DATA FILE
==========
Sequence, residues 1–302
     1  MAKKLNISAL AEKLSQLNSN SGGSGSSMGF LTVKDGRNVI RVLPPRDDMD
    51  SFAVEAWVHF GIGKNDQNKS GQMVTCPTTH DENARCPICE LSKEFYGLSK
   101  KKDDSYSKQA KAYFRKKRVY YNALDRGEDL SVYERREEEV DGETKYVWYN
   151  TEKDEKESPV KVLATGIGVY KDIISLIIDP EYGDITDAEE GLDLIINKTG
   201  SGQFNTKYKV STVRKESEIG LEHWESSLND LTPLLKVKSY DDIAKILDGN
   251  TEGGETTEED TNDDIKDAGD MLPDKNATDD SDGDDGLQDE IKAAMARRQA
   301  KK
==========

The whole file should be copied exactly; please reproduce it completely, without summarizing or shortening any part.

Sequence, residues 1–302
     1  MAKKLNISAL AEKLSQLNSN SGGSGSSMGF LTVKDGRNVI RVLPPRDDMD
    51  SFAVEAWVHF GIGKNDQNKS GQMVTCPTTH DENARCPICE LSKEFYGLSK
   101  KKDDSYSKQA KAYFRKKRVY YNALDRGEDL SVYERREEEV DGETKYVWYN
   151  TEKDEKESPV KVLATGIGVY KDIISLIIDP EYGDITDAEE GLDLIINKTG
   201  SGQFNTKYKV STVRKESEIG LEHWESSLND LTPLLKVKSY DDIAKILDGN
   251  TEGGETTEED TNDDIKDAGD MLPDKNATDD SDGDDGLQDE IKAAMARRQA
   301  KK